Mitchell et al. U.S. Pat. No. 5,587,148 discloses sunscreen products intended to absorb both UVA and UVB radiation while providing a clear appearance on the skin. One embodiment of Mitchell et al.'s disclosure employs micronized particles of zinc oxide having a size up to about 0.2 μm and having what are purportedly reduced levels of toxic heavy metals, which are formulated with a liquid carrier into a colorless emulsion. According to Mitchell et al., this formulation “is capable of absorbing a substantial quantity, if not all, of the UV radiation to which the user is exposed.” (Column 7, lines 15-17.) However, the Mitchell et al. specification provides little, if any, support for this conclusion. Other distinct embodiments proposed by Mitchell et al. include: use of large crystals of zinc oxide, measuring between about 1-100 microns in diameter; and use of transparent plastic spheres measuring between about 0.01-100 microns in diameter which incorporate a UV-absorbing additive.

Cole et al. U.S. Pat. No. 5,340,567 provides sunscreen products intended for UV absorbance. Cole et al. provide mixed metal oxide compositions containing titanium dioxide having a particle size of less than about 35 nm and zinc oxide having a particle size of less than about 50 nm. The metal oxide particles used by Cole et al. are each of a single substantially uniform size.

A disclosure by inventors herein Yun Shao and David Schlossman, “Effect of Particle Size on Performance of Physical Sunscreen formulas” PCIA conference, Shanghai, China R. P. (1999) (“Shao et al. 1999” hereinafter) and available, at the date of this application, describes some of the effects of size, surface treatment, dispersion vehicle, dispersant and other factors on the UV-protective performance of inorganic sunscreens, notably titanium dioxide and zinc oxide. Shao et al. 1999 emphasize the importance of studying size reduction and the relationship between particle size and performance.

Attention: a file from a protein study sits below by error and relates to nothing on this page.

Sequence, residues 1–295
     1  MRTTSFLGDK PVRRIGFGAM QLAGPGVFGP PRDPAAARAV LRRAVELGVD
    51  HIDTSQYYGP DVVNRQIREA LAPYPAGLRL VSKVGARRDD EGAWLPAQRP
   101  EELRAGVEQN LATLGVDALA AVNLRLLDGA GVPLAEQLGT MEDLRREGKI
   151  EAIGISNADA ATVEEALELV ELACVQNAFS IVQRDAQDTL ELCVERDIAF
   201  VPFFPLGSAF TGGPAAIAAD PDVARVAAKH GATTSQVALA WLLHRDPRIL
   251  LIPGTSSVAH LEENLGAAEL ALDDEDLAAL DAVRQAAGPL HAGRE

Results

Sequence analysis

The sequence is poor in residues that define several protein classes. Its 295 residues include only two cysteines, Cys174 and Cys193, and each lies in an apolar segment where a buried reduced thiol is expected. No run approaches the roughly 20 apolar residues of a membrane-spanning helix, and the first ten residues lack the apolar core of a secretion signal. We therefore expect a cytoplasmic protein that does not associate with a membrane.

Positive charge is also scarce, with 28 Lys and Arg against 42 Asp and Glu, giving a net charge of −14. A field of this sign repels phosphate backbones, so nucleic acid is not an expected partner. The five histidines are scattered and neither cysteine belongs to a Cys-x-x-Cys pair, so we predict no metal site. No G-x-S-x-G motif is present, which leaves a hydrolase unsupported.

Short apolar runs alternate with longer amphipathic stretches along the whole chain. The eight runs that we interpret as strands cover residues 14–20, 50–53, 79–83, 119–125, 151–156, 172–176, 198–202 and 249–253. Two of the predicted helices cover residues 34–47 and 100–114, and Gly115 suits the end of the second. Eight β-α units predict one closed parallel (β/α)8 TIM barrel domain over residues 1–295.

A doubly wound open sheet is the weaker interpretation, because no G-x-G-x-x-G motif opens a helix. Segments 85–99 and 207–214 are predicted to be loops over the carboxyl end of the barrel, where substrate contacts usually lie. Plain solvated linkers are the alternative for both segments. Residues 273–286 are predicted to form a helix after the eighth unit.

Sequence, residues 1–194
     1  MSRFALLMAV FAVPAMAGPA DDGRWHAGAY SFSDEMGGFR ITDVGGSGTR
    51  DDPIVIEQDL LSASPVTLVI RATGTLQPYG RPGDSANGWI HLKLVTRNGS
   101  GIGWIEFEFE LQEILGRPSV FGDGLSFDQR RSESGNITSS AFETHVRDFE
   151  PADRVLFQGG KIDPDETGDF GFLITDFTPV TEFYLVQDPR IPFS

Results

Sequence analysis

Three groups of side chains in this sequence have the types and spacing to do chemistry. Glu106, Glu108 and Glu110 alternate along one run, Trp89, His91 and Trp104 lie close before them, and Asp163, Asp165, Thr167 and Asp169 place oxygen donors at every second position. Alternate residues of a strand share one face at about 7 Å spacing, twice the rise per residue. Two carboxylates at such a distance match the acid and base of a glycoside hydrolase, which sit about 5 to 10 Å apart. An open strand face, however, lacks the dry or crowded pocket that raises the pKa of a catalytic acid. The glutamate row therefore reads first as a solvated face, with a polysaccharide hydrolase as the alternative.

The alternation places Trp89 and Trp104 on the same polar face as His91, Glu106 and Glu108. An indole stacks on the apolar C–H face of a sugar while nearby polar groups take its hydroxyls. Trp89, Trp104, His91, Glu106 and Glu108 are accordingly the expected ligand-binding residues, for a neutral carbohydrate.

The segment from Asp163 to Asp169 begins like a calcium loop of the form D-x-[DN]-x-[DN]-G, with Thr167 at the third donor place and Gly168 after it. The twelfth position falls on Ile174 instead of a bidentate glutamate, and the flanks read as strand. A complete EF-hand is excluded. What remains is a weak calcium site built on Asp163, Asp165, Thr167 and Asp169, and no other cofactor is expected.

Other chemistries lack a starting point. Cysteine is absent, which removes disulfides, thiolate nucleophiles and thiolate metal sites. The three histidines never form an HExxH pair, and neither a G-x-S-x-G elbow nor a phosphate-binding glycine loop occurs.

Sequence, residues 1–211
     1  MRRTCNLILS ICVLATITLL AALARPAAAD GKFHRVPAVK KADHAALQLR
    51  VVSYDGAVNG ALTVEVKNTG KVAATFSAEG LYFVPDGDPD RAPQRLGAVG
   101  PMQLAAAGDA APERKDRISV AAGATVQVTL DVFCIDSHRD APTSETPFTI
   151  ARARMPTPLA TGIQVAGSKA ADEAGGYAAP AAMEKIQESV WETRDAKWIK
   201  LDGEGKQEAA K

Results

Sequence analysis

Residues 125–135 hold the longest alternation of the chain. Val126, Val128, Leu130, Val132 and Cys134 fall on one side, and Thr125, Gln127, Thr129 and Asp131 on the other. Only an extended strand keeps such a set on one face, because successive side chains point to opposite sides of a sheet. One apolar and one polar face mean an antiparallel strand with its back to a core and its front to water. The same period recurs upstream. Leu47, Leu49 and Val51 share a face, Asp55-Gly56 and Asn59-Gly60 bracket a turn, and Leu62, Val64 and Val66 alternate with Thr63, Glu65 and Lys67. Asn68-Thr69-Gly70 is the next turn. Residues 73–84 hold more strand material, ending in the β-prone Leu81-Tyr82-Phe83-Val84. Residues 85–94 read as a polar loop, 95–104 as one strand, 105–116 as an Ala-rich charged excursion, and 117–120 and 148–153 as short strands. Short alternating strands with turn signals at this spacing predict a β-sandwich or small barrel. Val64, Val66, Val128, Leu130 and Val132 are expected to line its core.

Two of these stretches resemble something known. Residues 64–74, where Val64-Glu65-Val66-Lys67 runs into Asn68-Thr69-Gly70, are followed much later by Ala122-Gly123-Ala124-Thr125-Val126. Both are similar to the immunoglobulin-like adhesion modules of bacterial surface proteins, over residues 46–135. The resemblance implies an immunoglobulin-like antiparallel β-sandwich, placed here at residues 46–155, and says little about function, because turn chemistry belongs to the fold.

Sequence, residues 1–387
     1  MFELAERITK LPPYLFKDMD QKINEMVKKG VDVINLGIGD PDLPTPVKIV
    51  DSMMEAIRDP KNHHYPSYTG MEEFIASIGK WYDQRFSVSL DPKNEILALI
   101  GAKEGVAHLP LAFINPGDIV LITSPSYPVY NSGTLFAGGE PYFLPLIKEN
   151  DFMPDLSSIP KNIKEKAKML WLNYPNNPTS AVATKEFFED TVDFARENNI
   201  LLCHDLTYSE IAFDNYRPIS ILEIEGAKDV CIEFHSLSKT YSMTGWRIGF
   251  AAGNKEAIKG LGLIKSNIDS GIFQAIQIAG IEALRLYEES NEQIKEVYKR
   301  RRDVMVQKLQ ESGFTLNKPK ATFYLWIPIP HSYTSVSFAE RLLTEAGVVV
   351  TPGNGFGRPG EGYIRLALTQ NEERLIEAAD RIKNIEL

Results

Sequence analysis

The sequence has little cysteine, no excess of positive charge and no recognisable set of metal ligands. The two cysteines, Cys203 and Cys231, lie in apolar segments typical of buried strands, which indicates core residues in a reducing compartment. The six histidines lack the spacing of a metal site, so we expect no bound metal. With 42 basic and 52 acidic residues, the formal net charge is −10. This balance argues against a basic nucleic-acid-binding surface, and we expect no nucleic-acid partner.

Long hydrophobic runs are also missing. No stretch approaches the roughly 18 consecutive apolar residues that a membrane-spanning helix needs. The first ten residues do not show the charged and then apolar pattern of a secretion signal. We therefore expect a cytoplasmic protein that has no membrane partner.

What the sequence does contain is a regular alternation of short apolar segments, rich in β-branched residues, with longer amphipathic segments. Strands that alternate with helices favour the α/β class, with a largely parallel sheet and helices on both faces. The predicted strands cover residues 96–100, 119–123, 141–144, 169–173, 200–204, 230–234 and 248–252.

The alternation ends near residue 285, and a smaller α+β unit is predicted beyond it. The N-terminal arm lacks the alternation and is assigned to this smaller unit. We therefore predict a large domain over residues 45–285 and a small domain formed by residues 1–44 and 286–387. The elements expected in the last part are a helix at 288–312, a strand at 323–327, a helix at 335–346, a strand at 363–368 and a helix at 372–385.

Shao et al. 1999 describe use of dispersions, or “pre-dispersions” of titanium dioxide and zinc oxide, intended for formulation with other ingredients to provide useful end product. Shao et al. 1999 concluded at that time that a high loading of solids in the dispersion were important to size reduction and that other factors should also be considered, including pigment selection, surface treatment, vehicle and dispersant. Titanium dioxide is described as providing excellent protection against UVB along with effective UVA protection at a larger size where scattering may contribute significantly. However, such larger sizes may sacrifice some degree of SPF and transparency.